Beethoven’s major works have, of course, been stalwarts of the SDSO programs since the days of the original, pre-World War I orchestra.   All three of today’s pieces were played under the direction of Roscoe Buren Schryock before that war caused the orchestra to disband for several years. Aside from being played by the reorganized orchestra under Nino Marcelli, they were also featured on the programs of the short-lived 1950’s San Diego Philharmonic under the direction of Leslie Hodge. Most recently, the Coriolan Overture was conducted here by Jahja Ling during the Symphony’s Spring 2010 Beethoven Festival. The Violin Concerto was last performed on these concerts by Leila Josefowicz under the direction of Jahja Ling in the season 2006-07 finale concert, and Jahja Ling led the most recent performance of the Fifth Symphony in the season 2004-05 finale concert.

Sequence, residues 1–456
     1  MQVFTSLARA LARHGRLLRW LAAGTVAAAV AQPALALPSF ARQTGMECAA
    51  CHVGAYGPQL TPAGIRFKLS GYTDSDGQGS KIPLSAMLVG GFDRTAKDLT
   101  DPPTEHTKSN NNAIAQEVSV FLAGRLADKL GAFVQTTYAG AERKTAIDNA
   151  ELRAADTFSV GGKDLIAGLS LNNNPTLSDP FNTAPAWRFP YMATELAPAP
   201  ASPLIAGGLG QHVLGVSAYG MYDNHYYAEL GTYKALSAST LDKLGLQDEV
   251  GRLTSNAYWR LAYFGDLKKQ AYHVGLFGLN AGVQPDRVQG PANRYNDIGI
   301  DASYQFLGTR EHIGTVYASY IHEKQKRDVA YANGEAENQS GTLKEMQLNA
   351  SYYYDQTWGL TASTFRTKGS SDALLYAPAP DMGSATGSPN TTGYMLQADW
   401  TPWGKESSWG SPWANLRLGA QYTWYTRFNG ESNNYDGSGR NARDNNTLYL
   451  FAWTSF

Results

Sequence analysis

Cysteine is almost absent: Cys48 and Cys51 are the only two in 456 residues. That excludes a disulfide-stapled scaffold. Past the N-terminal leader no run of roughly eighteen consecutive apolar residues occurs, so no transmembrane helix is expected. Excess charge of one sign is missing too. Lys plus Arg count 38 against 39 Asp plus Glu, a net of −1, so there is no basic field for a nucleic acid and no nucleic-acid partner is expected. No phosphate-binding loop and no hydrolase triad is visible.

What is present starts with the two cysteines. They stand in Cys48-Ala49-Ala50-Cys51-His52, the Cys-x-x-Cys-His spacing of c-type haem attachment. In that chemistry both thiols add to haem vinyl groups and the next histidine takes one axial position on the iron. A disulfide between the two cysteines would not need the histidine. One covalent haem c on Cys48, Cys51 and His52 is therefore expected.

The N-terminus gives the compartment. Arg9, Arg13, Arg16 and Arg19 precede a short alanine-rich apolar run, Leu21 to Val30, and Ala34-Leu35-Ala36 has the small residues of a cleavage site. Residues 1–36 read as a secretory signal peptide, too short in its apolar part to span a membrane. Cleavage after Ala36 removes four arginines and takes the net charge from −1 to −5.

–Melvin G. Goldzband, Symphony Archivist


Gil Shaham is one of the foremost violinists of our time.  Combining flawless technique with inimitable warmth and a generosity of spirit, he is sought-after throughout the world for concerto appearances with leading orchestras and conductors and for recital and ensemble appearances on the great concert stages and at the most prestigious festivals.